1. A brown or reddish pigment used in both oil and water colours, obtained from certain natural clays variously coloured by the oxides of iron and manganese. It is commonly heated or burned before being used, and is then called burnt umber; when not heated, it is called raw umber. See Burnt umber, below.
2. An umbrere.
(Science: zoology) See grayling.
(Science: zoology) An african wading bird (Scopus umbretta) allied to the storks and herons. It is dull dusky brown, and has a large occipital crest. Called also umbrette, umbre, and umber bird. Burnt umber, a pigment made by burning raw umber, which is changed by this process from an olive brown to a bright reddish brown. Cologne, or german, umber, a brown pigment obtained from lignite. See Cologne earth.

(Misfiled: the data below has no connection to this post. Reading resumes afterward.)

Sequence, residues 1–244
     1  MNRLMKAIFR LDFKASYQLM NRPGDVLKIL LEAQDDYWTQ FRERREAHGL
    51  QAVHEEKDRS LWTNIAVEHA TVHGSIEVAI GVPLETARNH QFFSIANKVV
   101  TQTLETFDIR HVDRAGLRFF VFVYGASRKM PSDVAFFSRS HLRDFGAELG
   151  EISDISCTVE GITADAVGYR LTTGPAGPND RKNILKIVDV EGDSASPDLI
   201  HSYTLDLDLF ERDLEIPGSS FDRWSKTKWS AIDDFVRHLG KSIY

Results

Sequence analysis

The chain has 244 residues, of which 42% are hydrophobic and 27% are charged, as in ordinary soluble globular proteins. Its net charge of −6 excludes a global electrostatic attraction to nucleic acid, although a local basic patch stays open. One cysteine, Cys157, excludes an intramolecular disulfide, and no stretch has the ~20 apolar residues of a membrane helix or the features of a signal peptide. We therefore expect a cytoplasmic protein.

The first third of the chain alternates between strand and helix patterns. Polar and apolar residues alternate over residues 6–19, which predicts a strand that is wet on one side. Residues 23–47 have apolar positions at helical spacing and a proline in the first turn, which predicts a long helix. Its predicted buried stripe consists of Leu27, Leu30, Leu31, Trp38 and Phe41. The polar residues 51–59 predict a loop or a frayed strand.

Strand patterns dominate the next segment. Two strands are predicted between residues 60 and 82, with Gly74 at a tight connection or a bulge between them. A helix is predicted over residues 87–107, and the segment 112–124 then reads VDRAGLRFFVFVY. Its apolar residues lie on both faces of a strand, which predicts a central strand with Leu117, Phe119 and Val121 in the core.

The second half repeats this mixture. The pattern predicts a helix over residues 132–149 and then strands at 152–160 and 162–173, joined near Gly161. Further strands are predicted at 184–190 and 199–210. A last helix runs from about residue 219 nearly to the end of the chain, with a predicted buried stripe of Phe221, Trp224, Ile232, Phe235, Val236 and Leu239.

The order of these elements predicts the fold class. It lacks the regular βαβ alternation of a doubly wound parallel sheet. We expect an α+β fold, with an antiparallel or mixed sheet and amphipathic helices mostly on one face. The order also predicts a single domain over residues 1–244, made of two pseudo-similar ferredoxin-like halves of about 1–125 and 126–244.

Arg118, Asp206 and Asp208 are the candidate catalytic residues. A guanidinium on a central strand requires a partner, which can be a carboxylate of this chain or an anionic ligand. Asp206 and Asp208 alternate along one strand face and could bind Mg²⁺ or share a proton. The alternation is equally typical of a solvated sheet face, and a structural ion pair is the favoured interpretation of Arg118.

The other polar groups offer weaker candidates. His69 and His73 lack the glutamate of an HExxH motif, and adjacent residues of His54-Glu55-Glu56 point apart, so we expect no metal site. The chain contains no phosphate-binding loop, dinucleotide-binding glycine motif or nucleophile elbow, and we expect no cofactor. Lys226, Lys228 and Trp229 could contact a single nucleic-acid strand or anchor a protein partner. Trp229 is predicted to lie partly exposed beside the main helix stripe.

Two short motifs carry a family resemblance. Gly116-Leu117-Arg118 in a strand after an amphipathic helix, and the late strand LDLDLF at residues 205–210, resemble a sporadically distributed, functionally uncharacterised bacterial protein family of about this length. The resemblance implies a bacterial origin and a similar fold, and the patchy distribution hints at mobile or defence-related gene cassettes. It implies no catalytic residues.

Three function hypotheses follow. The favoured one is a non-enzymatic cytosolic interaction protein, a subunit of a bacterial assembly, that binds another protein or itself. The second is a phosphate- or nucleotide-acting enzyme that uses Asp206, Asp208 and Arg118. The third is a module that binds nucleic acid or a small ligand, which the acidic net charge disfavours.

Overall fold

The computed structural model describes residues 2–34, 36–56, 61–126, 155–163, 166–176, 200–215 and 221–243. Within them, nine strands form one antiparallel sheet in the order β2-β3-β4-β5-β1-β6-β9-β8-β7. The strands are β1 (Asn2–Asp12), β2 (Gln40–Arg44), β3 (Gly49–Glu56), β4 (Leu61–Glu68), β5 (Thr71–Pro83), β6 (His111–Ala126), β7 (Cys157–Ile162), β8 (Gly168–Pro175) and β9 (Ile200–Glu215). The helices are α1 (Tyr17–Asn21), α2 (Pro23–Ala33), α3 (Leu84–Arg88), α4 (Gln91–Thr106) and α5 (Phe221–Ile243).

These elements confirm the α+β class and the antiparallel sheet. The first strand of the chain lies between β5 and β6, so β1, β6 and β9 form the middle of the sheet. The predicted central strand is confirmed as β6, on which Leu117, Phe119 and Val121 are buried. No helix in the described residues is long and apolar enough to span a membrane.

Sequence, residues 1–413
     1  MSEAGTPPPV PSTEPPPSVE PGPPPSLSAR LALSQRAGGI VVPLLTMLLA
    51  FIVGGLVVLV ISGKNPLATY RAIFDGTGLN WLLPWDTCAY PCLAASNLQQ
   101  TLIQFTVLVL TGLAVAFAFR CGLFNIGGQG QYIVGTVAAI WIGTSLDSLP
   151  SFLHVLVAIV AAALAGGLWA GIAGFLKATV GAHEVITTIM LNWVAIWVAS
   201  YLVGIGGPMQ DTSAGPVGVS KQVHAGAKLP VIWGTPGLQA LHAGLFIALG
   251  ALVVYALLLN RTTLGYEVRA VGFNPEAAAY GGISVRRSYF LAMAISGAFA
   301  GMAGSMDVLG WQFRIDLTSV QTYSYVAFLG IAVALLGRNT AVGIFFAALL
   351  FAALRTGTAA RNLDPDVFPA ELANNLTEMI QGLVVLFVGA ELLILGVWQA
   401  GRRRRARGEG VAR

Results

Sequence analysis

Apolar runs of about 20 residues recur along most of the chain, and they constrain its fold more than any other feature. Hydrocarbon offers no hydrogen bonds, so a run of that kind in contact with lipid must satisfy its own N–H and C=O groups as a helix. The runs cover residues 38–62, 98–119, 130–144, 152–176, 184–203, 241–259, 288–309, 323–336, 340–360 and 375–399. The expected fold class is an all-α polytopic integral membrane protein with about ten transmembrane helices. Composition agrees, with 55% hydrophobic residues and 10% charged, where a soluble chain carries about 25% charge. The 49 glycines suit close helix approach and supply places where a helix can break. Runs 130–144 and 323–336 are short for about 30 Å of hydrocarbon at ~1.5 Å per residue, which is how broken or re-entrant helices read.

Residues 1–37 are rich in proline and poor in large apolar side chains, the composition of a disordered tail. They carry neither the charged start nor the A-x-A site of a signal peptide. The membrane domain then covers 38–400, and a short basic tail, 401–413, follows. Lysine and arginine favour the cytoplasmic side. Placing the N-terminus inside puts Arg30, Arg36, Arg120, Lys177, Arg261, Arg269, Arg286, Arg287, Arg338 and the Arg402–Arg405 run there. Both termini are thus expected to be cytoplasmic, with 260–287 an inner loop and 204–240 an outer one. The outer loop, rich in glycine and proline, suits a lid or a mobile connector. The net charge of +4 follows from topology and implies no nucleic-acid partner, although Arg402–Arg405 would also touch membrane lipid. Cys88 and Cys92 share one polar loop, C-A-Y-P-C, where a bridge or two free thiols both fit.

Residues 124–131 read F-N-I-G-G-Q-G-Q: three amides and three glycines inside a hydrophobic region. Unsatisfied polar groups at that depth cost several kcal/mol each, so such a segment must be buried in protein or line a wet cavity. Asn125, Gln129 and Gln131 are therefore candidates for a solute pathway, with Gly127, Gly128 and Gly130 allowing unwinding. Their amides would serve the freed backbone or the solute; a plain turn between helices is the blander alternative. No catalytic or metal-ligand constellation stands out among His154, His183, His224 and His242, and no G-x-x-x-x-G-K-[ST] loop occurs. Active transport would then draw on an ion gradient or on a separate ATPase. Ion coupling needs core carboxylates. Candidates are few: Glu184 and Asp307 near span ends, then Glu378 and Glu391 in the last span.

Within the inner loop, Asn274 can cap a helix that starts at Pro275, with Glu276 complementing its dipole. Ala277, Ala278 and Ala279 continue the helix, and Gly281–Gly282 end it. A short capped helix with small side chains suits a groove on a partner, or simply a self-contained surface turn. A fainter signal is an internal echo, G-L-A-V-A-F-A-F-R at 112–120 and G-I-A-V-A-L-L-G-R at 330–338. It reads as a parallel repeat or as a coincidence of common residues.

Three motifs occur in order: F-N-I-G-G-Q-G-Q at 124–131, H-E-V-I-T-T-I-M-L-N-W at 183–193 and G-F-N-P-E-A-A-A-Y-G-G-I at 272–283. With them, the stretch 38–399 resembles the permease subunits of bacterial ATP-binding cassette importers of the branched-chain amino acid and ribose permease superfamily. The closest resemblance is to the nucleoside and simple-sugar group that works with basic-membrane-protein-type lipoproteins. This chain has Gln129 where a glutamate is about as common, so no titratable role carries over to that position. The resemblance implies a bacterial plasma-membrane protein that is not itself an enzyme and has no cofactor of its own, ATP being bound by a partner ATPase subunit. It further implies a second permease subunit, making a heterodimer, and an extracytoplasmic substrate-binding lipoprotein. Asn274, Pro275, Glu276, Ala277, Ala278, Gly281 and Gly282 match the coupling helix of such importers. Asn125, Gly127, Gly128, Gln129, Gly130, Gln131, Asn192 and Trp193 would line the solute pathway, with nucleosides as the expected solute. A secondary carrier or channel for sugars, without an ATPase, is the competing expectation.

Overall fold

Origin: F. Ombre ocherous ore of iron, terre d'ombre, It. Terra d'ombra, literally, earth of shadow or shade, L. Umbra shadow, shade. Cf. Umber, 3 & 4, Umbrage.
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... on one strand and a thymine on the other strand and between a cytosine base on one strand and a guanine base on the other. This means that the number of A and T residues will be the same in a given double helix as will the number of G and C residues. In RNA, thymine (T) is replaced by uracil ...
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